NEW YORK, NY, 1998 -- In the long battle against AIDS, a philosophy of "know the enemy" has guided basic research. Specifically, investigators have sought a viral Achilles heel by dissecting the precise molecular choreography that unfolds as HIV penetrates the linchpin-like T cells of the immune system. Now, an unprecedented peek at that process -- a viral surface glycoprotein caught in the act of binding a CD4 T cell receptor -- graces the covers of both the June 18 issue of Nature and the June 19 issue of Science magazines.
The long-sought crystal structure of gp120 in action is a collaborative effort led by researchers from the Columbia University College of Physicians & Surgeons, and the Dana-Farber Cancer Institute. "The crystal structure tells us how the virus is able to bind to the receptor at the same time that it remains sufficiently changeable to avoid immune detection. There is the potential for the information to be used to design compounds that interfere and block that interaction," says Wayne Hendrickson, Ph.D., professor of biochemistry and molecular biophysics at Columbia University and a Howard Hughes Medical Institute Investigator. Adds Peter Kwong, Ph.D., associate research scientist at Columbia and lead author on the first Nature paper, "Knowing the structure down to the atomic details will provide valuable clues for vaccine design."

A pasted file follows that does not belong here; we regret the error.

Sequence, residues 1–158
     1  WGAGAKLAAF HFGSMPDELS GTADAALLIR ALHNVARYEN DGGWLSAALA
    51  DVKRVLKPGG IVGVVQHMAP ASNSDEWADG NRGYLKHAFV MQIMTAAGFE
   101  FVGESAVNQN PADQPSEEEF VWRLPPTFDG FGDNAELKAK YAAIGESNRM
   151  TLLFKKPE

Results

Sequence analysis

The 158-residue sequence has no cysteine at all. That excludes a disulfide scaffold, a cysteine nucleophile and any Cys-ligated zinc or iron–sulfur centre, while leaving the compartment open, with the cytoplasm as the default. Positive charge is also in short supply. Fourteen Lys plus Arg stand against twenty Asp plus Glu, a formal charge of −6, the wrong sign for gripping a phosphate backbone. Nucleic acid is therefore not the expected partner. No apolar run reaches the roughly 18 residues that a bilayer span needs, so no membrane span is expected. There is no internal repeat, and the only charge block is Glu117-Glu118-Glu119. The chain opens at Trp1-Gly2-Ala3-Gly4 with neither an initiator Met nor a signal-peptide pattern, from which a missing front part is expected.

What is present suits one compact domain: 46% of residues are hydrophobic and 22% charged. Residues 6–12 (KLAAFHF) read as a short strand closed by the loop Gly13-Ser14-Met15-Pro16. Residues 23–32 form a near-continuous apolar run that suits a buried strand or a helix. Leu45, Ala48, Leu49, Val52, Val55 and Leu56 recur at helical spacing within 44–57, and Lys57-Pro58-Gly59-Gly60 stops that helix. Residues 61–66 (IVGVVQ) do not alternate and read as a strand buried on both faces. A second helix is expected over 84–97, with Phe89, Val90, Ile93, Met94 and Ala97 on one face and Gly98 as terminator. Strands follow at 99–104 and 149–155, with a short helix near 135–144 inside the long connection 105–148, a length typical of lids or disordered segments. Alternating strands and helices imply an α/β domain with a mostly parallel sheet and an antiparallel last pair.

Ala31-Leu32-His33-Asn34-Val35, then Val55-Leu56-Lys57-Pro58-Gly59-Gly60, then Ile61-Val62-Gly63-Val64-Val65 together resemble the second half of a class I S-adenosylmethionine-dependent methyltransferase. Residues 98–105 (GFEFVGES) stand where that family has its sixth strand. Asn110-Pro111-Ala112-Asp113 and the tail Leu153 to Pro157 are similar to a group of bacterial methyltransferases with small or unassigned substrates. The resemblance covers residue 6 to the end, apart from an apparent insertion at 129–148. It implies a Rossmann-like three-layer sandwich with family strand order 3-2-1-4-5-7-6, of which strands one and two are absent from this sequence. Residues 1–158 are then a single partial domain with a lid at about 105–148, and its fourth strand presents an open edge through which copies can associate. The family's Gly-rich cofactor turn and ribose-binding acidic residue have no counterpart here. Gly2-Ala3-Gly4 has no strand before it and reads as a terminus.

X-ray crystallography is a technique that passes X-rays through a crystal from many angles, determines their pattern of diffraction, and then assembles the data to reveal the crystal's 3-dimensional structure, or conformation. The technique was key in solving the structure of DNA in 1953 and, more recently, in discovering the structure of HIV protease, which led to development of protease inhibitors.
But X-ray crystallography requires crystallizing a compound, which was
feat for gp120. "The mechanisms that HIV has to protect itself from
Contact: Carolyn Conway
Columbia University Medical Center